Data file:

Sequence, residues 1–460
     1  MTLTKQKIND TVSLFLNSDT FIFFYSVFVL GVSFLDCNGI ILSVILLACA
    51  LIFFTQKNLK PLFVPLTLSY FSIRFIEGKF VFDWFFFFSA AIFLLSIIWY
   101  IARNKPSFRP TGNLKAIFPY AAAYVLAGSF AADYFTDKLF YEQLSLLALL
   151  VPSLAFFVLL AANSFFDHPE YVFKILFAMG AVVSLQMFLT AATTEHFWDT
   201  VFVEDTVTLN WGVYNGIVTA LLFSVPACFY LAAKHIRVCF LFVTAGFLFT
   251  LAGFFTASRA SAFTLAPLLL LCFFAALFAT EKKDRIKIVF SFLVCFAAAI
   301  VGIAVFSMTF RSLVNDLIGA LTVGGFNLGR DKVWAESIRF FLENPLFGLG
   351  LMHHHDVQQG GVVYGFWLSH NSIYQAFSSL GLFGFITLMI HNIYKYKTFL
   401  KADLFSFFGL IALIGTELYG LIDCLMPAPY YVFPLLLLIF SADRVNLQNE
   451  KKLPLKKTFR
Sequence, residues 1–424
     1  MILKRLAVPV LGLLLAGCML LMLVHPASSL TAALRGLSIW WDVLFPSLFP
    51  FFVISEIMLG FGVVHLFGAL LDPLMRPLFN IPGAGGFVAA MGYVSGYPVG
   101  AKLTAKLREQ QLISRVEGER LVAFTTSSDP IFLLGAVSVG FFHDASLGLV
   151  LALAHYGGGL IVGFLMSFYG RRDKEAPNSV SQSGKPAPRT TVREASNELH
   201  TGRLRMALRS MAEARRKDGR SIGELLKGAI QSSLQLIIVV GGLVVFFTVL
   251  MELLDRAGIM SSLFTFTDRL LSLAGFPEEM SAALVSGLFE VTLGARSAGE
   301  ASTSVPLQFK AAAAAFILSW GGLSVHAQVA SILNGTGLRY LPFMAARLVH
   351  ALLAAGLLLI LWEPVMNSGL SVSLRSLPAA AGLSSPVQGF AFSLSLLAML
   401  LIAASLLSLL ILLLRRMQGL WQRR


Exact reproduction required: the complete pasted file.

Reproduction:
Sequence, residues 1–460
     1  MTLTKQKIND TVSLFLNSDT FIFFYSVFVL GVSFLDCNGI ILSVILLACA
    51  LIFFTQKNLK PLFVPLTLSY FSIRFIEGKF VFDWFFFFSA AIFLLSIIWY
   101  IARNKPSFRP TGNLKAIFPY AAAYVLAGSF AADYFTDKLF YEQLSLLALL
   151  VPSLAFFVLL AANSFFDHPE YVFKILFAMG AVVSLQMFLT AATTEHFWDT
   201  VFVEDTVTLN WGVYNGIVTA LLFSVPACFY LAAKHIRVCF LFVTAGFLFT
   251  LAGFFTASRA SAFTLAPLLL LCFFAALFAT EKKDRIKIVF SFLVCFAAAI
   301  VGIAVFSMTF RSLVNDLIGA LTVGGFNLGR DKVWAESIRF FLENPLFGLG
   351  LMHHHDVQQG GVVYGFWLSH NSIYQAFSSL GLFGFITLMI HNIYKYKTFL
   401  KADLFSFFGL IALIGTELYG LIDCLMPAPY YVFPLLLLIF SADRVNLQNE
   451  KKLPLKKTFR
Sequence, residues 1–424
     1  MILKRLAVPV LGLLLAGCML LMLVHPASSL TAALRGLSIW WDVLFPSLFP
    51  FFVISEIMLG FGVVHLFGAL LDPLMRPLFN IPGAGGFVAA MGYVSGYPVG
   101  AKLTAKLREQ QLISRVEGER LVAFTTSSDP IFLLGAVSVG FFHDASLGLV
   151  LALAHYGGGL IVGFLMSFYG RRDKEAPNSV SQSGKPAPRT TVREASNELH
   201  TGRLRMALRS MAEARRKDGR SIGELLKGAI QSSLQLIIVV GGLVVFFTVL
   251  MELLDRAGIM SSLFTFTDRL LSLAGFPEEM SAALVSGLFE VTLGARSAGE
   301  ASTSVPLQFK AAAAAFILSW GGLSVHAQVA SILNGTGLRY LPFMAARLVH
   351  ALLAAGLLLI LWEPVMNSGL SVSLRSLPAA AGLSSPVQGF AFSLSLLAML
   401  LIAASLLSLL ILLLRRMQGL WQRR